C-ID Number HIST 130
Discipline History
Date Approved March 29, 2011
General Course Description

Historical survey of the European colonization of North America and of the United States  through Reconstruction.

Minimum Units 3.0
Any rationale or comments
Prerequisite(s) none
Corequisite(s)

None

Advisories/Recommendations
Course Content
  1. Native American societies and cultures prior to European arrival.
  2. European colonization and its impact on Native America.
  3. Establishment and maturation of diverse colonial settlements and populations.
  4. Colonial policies and imperial rivalries in North America and their implication for settlements.
  5. The American Revolution
  6. The formation of the United States government from the Articles of Confederation through the development of the Constitution.
  7. The early republic including political parties, economic and geographical expansion.
  8. Sectionalism, slavery and antebellum America
  9. Western expansion, manifest destiny and Native American policy.
  10. Antebellum reform.
  11. Crisis of the 1850s and the coming of the Civil War.
  12. The Civil War.
  13. Reconstruction.
Laboratory Activities
Course Objectives

At the conclusion of this course, the student should be able to:

  1. Demonstrate the ability to interpret primary and secondary sources and to compose an argument which uses them, as appropriate, for support.
  2. Demonstrate an understanding of U.S. History through current analytical categories of race, class, gender and ethnicity.
  3. Demonstrate an understanding of America’s growth in a global context.
  4. Explain the major economic, technological and scientific developments and their historical significance.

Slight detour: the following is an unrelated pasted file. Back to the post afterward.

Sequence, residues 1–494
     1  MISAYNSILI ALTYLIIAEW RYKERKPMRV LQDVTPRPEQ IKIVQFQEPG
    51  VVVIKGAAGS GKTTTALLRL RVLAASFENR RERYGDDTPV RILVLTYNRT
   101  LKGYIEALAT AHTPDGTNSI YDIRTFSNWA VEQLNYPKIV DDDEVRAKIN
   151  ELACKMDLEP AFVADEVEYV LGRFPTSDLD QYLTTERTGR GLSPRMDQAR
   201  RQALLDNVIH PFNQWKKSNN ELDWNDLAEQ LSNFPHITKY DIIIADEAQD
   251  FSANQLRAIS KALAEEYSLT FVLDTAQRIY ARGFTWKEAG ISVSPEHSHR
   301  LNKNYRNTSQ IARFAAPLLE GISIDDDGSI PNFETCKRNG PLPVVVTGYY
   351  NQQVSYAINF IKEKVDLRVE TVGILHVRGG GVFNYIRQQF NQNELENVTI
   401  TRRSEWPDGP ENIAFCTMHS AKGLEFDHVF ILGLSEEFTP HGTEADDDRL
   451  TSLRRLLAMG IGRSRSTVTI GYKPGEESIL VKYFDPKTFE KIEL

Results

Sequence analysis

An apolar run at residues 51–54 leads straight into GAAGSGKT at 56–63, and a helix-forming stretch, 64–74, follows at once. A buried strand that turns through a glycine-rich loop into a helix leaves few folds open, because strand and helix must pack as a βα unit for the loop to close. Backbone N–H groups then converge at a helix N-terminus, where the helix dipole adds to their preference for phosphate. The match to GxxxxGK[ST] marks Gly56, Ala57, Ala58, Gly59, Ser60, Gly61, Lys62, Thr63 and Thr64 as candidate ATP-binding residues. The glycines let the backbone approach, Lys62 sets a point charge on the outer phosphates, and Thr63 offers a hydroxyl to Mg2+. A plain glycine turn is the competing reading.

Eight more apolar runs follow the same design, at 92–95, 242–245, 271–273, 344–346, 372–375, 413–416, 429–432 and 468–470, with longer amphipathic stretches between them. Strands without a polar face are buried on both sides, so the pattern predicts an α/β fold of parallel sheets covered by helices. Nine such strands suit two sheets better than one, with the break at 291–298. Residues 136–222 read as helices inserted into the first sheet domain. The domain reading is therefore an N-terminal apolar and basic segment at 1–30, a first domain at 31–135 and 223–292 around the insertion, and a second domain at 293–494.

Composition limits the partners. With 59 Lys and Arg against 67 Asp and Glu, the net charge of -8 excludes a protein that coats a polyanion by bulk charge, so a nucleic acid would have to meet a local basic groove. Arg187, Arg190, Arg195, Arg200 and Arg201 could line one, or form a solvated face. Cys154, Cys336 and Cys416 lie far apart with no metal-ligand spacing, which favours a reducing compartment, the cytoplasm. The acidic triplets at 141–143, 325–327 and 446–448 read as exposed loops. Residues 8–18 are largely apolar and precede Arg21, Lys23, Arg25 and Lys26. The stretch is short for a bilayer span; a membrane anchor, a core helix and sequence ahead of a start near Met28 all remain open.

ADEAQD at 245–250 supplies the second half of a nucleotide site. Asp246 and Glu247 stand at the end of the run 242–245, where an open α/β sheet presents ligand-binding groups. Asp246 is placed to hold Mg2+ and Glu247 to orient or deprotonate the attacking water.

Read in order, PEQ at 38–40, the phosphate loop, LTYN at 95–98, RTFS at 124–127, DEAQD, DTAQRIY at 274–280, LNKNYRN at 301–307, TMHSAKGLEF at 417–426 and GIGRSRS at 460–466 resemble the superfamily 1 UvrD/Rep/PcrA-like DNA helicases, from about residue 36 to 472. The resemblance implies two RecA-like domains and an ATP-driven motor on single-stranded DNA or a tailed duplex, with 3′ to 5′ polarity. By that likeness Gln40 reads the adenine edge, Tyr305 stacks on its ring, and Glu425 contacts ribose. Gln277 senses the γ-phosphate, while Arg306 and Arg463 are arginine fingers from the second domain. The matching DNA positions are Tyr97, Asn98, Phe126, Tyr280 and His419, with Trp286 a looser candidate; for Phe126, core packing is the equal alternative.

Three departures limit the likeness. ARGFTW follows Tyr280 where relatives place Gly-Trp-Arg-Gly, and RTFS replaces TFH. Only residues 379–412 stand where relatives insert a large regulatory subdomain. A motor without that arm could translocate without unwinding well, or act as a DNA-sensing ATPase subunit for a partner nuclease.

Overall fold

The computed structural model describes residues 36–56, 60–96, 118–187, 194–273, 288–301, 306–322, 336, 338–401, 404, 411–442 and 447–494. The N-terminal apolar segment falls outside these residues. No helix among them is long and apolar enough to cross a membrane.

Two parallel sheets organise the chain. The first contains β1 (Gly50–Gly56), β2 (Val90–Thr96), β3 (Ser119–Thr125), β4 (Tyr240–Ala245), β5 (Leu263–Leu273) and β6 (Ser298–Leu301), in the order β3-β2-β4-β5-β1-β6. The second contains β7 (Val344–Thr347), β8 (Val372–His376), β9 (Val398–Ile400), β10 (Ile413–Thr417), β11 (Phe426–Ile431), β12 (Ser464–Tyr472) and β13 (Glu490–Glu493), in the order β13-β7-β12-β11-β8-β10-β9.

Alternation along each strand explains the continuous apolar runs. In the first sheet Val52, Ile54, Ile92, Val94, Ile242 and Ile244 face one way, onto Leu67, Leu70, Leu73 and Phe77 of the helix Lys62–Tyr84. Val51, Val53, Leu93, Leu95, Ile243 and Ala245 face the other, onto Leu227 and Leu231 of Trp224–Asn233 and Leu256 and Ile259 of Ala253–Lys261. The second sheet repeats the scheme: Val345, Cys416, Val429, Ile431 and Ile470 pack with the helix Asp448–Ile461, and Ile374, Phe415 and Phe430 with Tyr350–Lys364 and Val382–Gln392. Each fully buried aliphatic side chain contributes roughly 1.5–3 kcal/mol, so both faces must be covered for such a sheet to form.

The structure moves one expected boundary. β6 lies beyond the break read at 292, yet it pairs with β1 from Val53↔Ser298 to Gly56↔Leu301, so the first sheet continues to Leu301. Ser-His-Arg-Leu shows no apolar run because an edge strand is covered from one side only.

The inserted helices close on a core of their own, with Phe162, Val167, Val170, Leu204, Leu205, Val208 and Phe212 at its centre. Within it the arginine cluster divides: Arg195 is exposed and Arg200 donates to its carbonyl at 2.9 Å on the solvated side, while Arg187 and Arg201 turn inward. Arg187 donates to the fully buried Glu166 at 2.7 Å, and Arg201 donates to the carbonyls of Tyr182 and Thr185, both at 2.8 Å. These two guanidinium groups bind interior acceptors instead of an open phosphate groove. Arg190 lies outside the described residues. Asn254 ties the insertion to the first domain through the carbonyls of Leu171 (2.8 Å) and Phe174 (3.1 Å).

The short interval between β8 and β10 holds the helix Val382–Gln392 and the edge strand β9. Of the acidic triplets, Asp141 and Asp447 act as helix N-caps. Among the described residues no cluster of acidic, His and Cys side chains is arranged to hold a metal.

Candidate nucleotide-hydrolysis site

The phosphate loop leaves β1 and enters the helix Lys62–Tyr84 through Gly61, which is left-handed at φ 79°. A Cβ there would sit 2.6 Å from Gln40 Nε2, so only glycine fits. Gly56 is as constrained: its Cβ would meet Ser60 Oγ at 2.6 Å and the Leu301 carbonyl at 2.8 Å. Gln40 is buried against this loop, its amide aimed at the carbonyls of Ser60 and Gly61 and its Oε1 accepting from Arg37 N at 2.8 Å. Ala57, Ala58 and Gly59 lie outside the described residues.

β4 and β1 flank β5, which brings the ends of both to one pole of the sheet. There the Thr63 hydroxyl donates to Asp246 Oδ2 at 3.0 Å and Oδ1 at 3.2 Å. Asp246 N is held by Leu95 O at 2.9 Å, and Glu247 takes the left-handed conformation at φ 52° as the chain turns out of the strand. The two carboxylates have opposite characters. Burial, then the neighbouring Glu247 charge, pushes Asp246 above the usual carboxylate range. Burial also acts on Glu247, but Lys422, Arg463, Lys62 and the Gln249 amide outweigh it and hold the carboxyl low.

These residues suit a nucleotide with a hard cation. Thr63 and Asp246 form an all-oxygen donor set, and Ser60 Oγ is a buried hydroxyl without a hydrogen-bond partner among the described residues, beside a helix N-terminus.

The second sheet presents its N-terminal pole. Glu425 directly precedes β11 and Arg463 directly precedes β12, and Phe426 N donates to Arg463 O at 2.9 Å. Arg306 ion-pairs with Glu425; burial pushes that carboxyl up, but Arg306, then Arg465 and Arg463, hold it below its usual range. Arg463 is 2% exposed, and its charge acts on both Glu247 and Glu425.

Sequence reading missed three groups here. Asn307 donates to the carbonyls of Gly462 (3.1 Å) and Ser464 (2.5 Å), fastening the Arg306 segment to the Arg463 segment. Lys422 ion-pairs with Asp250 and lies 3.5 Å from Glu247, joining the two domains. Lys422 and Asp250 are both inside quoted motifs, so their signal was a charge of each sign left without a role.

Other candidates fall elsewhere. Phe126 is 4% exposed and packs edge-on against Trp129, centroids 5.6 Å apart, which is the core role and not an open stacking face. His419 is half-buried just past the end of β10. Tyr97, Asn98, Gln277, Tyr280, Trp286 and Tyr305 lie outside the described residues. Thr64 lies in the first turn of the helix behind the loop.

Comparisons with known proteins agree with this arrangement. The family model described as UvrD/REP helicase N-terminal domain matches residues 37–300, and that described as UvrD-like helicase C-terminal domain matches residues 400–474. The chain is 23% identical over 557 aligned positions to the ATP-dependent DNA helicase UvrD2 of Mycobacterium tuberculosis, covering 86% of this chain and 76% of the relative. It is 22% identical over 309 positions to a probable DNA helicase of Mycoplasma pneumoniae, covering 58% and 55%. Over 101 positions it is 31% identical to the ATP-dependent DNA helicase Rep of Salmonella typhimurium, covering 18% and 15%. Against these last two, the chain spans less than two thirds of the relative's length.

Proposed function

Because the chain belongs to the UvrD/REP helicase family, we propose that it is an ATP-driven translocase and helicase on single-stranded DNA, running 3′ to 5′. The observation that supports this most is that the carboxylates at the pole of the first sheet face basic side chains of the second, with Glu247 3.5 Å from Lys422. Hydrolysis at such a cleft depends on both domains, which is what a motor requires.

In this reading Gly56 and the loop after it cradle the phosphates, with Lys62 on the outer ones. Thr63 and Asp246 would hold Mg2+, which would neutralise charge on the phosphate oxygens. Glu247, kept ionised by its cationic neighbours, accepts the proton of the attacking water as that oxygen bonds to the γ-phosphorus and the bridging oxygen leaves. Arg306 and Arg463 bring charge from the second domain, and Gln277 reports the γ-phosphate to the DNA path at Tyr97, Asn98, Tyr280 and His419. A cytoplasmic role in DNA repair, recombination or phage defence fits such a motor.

5. Analyze major political trends, attitudes, conflicts and events—including both mainstream and reform efforts—and explain their historical significance.
  6. Explain the major social and cultural developments, their causes and effects, and their historical significance.
Methods of Evaluation

Will include:

  1. Written essays and/or research projects.
  2. Essay exams.

Can also include:

  1. Classroom discussions that include primary and secondary sources.
  2. Objective exams.
  3. Classroom projects and presentations.
Sample Textbooks

Berkin, Making America
Boydston, Making a Nation
Brinkley, The Unfinished Nation
Carnes, The American Nation
Davidson, Nation Of Nation
Divine. America Past and Present
Faragher. Out of Many: A History of the American People
Foner. Give Me Liberty!
Gillon, The American Experiment
Goldfield. The American Journey
Jones. Created Equal
Kennedy, The American Pageant
Maier. Inventing America
Martin. America and Its Peoples
Murrin. Liberty, Equality, Power
Nash. The American People
Norton, A People and a Nation
Roark. The American Promise
Tindall. America: A Narrative History
Zinn. A People’s History of the United States

Notes